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Our Financial Geographic Arbitrage Story in Numbers

This is our geographic arbitrage story. With full numbers. We first told our story to Business Insider who published it here.

It all started when…

Three years ago, Selenid and I moved from New York City to Buffalo, New York with our two young children (we now have three). We were in pursuit of geographic arbitrage. This is the idea that even with the same amount of money, you can have a better quality of life by moving to an area with a lower cost of living. 

In our case, we combined geographic arbitrage with an increased income. My wife and I had both landed jobs after training with greatly increased pay. Moving to Buffalo would get us much closer to having financial freedom. 

Now 3 years after starting our new jobs, our income numbers look like this:

My W2 salary as an employed physician is $470,000. My wife previously worked as a college professor making $80,000. She resigned and now does part-time consulting. She also runs our real estate investments full time, which generates around $150,000 a year. I also make about $100,000 annually from my blog.

Our geographic arbitrage story

In July 2020, I graduated after seven years of training in surgery and microsurgery. Meanwhile, Selenid graduated from her PhD program. For those seven years, we lived in NYC — Manhattan to be exact. 

According to Numbeo, NYC has the highest cost of living out of any city in North America, with a cost-of-living index of 100. Meanwhile, my hometown of Buffalo has a cost-of-living index of 71.18 — 47th place in North America and a cost-of-living decrease of 28.82%.

After a lot of introspection and consideration, we moved to Buffalo after both of us graduated. As a result of this move, we save on average $5,000 monthly.

These savings have come from a variety of areas

First, our income increased drastically as a result of the move 

After training, I considered multiple job opportunities and narrowed down to one in NYC and one in Buffalo. Most aspects of these dream job opportunities were very similar — academic practices associated with medical schools with a high focus on reconstructive surgery.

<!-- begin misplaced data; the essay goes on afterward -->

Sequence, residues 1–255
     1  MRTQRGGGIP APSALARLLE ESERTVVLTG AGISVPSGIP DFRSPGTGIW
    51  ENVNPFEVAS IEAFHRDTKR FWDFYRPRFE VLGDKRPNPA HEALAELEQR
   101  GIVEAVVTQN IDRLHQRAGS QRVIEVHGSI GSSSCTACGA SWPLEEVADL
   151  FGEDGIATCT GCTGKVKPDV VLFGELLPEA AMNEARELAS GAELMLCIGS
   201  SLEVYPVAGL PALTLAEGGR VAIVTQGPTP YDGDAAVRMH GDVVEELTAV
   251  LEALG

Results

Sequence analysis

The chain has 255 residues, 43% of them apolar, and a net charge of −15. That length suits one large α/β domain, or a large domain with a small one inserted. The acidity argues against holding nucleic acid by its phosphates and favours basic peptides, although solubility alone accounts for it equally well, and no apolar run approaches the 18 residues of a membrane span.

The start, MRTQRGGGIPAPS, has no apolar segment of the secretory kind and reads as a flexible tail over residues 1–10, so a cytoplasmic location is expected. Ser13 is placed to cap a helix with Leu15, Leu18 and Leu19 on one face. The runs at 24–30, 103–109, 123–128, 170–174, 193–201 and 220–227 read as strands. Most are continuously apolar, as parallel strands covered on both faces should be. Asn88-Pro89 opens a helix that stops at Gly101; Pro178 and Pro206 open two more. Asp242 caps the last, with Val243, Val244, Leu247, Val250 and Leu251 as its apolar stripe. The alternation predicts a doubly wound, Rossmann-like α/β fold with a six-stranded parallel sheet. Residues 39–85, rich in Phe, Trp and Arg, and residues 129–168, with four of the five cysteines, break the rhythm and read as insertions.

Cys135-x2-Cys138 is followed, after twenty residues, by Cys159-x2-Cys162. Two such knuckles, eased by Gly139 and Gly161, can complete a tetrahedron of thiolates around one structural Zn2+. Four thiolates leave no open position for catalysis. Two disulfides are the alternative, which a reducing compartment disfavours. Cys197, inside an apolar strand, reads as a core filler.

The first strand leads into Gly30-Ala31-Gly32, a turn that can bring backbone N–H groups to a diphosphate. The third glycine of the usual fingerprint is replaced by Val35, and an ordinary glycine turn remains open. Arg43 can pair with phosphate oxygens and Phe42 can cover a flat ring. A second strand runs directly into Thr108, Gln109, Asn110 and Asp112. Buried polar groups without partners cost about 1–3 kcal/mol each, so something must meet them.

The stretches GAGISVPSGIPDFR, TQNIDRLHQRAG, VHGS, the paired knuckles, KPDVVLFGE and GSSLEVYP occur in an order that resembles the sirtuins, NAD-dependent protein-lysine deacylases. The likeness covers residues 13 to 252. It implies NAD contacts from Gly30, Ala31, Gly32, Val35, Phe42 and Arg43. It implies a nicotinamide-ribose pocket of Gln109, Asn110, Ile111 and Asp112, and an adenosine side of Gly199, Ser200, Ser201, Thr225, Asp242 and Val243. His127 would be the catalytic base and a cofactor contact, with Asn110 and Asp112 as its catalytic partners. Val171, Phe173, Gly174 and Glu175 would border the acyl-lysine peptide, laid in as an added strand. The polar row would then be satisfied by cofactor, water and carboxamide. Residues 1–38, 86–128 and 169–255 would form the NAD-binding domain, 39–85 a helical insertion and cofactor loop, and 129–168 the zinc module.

However, one aspect was very different: the pre-tax gross income. As a result of taking the job in Buffalo, my gross salary was 163% of what it would have been in NYC. This translates to a monthly income increase of approximately $10,000. 

Since this is pre-tax, the take-home amount is less, so these income advantages from the move to Buffalo may not be considered traditional “savings.”

But we can also examine our actual traditional savings by comparing some of our expenses from our last year in NYC to our first year in Buffalo:

geographic arbitrage story

Two caveats: First, for simplicity, I’m not taking taxes into consideration since we’re in the same high-tax state but in a higher tax bracket now. We also no longer have to pay NYC taxes.

Second, I can’t directly compare the proportion of money invested in these two time periods since I had terrible financial habits as a trainee. I spent up to my paycheck and didn’t invest. So even if I only invested $1 this year, the increase would be infinity.

Comparing the expenses of our geographic arbitrage story

In NYC, we paid $3,350 per month for a two-bedroom apartment that I’ll generously say was 900 square feet

We paid 44.8% of our pre-tax income each month on housing. This apartment was “subsidized” by my training institution, so I basically just handed back half of every paycheck to them.

In Buffalo, we pay $3,031 a month for our mortgage on a four-bedroom house. If I include principal, interest, taxes, and insurance, we now pay 9.6% of our pre-tax monthly income on housing. Big difference.

But this isn’t a fair comparison — we save approximately $300 per month in this calculation, but it wouldn’t have been sustainable to stay in the same apartment over time. Our kids each got the bedrooms and my wife and I slept on an air mattress. 

In NYC, we would have had to eventually move to an apartment with four bedrooms to accommodate our growing family. 

Let’s be conservative based on estimates and say that monthly rent for an average four-bedroom apartment in New York City is $7,000. Now the housing savings from this move really come into focus and average $4,000 per month for us.

Our next biggest monthly expense is childcare 

In NYC, we paid $1,590 per month for our oldest son to go to daycare. This rate was also subsidized as it was the hospital daycare, so we spent 21.9% of our pre-tax income on childcare each month. This was just three days a week — average full-time daycare in NYC is conservatively $2,500 monthly. For our two kids who need childcare, that would come to $5,000 monthly.